With Thursday night’s National League Division Series defeat to the Chicago Cubs, the Washington Nationals have reinforced their place in the panoply of the capital’s legacy of failure.

But Baker’s agonies extend far further. His 3,500 games rank him 15th all-time, and only one manager above him, Gene Mauch, is not in the Hall of Fame. His 105 postseason games ranks seventh all-time, and his nine postseason appearances ranks sixth.

But his postseason record of 44-61 and no World Series titles curse him. He has been on the mailed backhand of eight series losses in 11 tries (plus a play-in game loss in 2013), and been marked by the media-ocracy as an old-school players’ manager who doesn’t wrap himself in the comforting embrace of statistical analysis.

He is now Marv Levy and Don Nelson – the good manager who can’t win the big one.

Only Levy and Nelson are in their respective halls of fame, and Baker probably won’t be. Having no World Series titles (his bullpen dying in 2002 being as close as he ever got) dooms him as it has doomed Mauch, although Mauch made his reputation as a brilliant tactician with bad teams.

But even if you take Baker’s worst metric – the postseason record – he still ranks in the 90th percentile of the 699 managers in the game’s history, though even then there’s the caveat of the 200 some-odd interim managers who you may choose not to count.

This is not to claim he should be in the Hall of Fame. This is to claim he should be discussed, if only to determine if reputations in the postseason are the only way managers are allowed to be evaluated. Because if that’s the case, Dusty Baker’s world-weary October face makes that conversation a very short one.


U.S. Soccer: Patriotism-fueled frontrunning born of inexcusable arrogance


U.S. Soccer: Patriotism-fueled frontrunning born of inexcusable arrogance

So Bruce Arena resigned as the U.S. National soccer team coach Friday. Big damned deal.

Oh, it is to him. He probably liked the job, and might have wanted to keep getting paid.

But whether he’s there or isn’t doesn’t matter. In fact, whether the people who hired him are there or not doesn’t matter either. U.S. Soccer is the definition of sporadic interest and patriotism-fueled frontrunning, of imbedded self-interest and general indolence, all born of inexcusable arrogance.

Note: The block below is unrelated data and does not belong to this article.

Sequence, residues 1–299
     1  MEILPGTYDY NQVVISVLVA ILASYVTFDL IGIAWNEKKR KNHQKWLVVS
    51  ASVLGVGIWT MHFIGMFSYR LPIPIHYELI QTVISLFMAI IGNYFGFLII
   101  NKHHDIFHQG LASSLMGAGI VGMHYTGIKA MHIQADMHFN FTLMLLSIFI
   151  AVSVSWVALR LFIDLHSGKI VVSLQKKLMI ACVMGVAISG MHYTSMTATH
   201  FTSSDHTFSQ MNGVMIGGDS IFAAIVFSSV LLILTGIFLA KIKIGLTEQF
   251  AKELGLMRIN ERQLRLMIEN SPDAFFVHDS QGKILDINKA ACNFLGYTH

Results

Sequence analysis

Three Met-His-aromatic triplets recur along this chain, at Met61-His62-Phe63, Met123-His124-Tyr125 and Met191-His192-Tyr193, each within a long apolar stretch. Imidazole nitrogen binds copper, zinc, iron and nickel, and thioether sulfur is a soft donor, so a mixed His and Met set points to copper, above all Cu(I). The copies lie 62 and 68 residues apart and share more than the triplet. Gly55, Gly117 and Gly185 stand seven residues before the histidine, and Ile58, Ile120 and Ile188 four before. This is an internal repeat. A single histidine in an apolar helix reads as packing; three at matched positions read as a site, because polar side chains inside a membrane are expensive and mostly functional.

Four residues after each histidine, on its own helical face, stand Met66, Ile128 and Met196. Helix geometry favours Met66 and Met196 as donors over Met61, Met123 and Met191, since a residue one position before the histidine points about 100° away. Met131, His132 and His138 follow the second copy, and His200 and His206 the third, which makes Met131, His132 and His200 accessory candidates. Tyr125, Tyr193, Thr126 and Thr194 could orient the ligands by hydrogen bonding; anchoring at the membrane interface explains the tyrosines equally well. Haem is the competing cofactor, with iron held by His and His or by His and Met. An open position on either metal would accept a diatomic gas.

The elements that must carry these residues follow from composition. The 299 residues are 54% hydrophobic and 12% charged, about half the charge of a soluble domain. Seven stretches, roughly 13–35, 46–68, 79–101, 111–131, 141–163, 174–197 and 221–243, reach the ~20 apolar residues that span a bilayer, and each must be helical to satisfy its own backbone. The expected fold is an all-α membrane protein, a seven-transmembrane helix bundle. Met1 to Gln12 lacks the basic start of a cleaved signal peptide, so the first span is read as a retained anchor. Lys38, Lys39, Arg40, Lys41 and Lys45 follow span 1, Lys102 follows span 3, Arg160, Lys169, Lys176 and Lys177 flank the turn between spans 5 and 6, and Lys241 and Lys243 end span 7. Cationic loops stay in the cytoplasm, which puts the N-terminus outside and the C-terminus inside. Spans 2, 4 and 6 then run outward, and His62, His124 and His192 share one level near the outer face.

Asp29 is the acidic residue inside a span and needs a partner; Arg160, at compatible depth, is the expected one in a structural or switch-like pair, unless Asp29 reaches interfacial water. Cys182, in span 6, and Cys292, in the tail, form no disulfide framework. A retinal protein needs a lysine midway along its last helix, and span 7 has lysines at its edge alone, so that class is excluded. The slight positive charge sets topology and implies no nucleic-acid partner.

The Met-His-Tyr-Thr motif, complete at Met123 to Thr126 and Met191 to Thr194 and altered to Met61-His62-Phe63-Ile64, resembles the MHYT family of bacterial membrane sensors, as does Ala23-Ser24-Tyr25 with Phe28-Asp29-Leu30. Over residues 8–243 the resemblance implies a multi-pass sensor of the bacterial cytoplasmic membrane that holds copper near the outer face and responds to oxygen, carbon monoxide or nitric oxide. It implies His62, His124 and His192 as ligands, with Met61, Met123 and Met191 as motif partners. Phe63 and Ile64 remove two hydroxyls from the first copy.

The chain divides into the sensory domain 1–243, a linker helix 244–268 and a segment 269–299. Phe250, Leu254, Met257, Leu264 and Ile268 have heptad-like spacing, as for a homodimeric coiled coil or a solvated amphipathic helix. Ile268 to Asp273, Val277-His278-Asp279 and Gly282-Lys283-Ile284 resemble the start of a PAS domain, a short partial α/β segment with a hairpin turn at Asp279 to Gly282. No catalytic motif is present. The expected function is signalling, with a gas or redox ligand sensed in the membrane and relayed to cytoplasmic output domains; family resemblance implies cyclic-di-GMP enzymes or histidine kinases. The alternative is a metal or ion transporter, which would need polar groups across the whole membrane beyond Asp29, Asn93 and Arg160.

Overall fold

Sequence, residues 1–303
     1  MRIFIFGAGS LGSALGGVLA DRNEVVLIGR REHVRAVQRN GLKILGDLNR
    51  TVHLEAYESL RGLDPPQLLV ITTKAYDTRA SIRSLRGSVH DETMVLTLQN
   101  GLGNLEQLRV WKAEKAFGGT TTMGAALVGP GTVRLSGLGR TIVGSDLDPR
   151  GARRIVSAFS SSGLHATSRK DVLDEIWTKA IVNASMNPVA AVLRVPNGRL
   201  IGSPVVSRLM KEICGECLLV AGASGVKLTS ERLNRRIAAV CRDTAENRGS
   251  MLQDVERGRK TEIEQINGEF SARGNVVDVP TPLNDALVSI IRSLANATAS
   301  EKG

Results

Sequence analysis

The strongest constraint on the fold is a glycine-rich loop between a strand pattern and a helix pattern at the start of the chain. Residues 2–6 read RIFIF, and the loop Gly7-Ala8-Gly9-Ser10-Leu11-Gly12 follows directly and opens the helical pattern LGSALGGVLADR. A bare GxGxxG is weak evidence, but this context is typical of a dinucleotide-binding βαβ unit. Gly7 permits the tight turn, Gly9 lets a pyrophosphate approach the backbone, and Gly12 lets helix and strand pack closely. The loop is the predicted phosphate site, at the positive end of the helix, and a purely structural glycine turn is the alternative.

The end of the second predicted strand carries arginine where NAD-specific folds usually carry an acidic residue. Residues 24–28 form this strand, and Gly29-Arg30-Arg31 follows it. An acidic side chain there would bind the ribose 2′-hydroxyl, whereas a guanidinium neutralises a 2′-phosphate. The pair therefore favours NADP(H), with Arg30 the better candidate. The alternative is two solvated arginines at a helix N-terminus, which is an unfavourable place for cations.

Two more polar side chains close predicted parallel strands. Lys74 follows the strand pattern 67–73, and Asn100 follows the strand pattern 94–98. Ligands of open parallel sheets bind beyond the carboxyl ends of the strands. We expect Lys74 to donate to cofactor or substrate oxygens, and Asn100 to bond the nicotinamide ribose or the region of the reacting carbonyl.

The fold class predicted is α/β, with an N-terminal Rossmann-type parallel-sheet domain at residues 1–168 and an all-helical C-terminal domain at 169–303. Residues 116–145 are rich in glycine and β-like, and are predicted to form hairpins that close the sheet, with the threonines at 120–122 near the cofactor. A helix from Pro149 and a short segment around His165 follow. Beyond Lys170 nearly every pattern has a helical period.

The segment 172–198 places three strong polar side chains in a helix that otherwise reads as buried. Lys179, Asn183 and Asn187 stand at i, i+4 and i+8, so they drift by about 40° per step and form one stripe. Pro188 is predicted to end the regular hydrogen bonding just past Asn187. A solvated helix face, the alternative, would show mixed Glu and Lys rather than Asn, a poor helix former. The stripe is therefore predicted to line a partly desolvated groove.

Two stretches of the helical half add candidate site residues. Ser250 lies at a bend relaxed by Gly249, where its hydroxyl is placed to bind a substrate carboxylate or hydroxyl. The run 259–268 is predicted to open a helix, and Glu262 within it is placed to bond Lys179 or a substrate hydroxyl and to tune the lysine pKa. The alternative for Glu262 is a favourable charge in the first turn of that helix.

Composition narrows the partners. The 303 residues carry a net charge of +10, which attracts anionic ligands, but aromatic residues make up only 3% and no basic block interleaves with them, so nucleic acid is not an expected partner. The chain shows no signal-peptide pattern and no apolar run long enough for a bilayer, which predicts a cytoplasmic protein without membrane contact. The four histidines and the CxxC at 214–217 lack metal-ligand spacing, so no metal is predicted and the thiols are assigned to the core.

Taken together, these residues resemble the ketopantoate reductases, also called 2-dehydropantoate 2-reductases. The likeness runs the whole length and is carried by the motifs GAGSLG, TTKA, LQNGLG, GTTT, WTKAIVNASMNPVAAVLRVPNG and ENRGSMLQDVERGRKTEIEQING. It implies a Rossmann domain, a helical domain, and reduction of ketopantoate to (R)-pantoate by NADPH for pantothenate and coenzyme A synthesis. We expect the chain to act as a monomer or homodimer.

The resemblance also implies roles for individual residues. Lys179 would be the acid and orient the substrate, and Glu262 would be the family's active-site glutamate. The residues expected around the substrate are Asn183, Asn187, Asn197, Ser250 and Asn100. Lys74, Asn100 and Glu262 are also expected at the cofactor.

Bruce Arena didn’t bring that to the job, nor does he remove it by leaving. He’s just another head on a spike, like Jurgen Klinsmann was before him, and Bob Bradley before him.

But that would also be true if the head of U.S. Soccer, Sunil Gulati, quit or was fired too. Even the people bleating that the U.S. shamed itself by losing to Trinidad and Tobago display the same kind of blinkered ignorance and arrogance that dogs this sport in America.

Being in CONCACAF is a gift from the heavens, and the U.S. has decided as a national collective to replace that with actual achievement. Beating Germany in friendly is proof of long-term worth. The fact is, we don’t know how to evaluate America’s place in the soccer world except as an audience, let alone how much massive structural change is required to change that.

And change must be massive, and can’t be evaluated by the next cheap win or the next galling loss, or television ratings. America is good at watching soccer, good enough to catch on the actual chasm between its national team and development structure.

But that’s where it ends, because knowing what’s bad because you just watched it, or what is actually good (like, say, a UEFA or CONMEBOL qualifier) is light years from knowing how to fix a system built on the flawed concepts of work rate without creativity and money as a solution to crippling organizational problems.

So Bruce Arena does the decent thing given the circumstances, falling on a sword that should actually be a kebab skewer. But it makes no difference. The American soccer structure needs to get what it needs before it can get what it wants, and there are no more shortcuts to take in a short-attention-span world.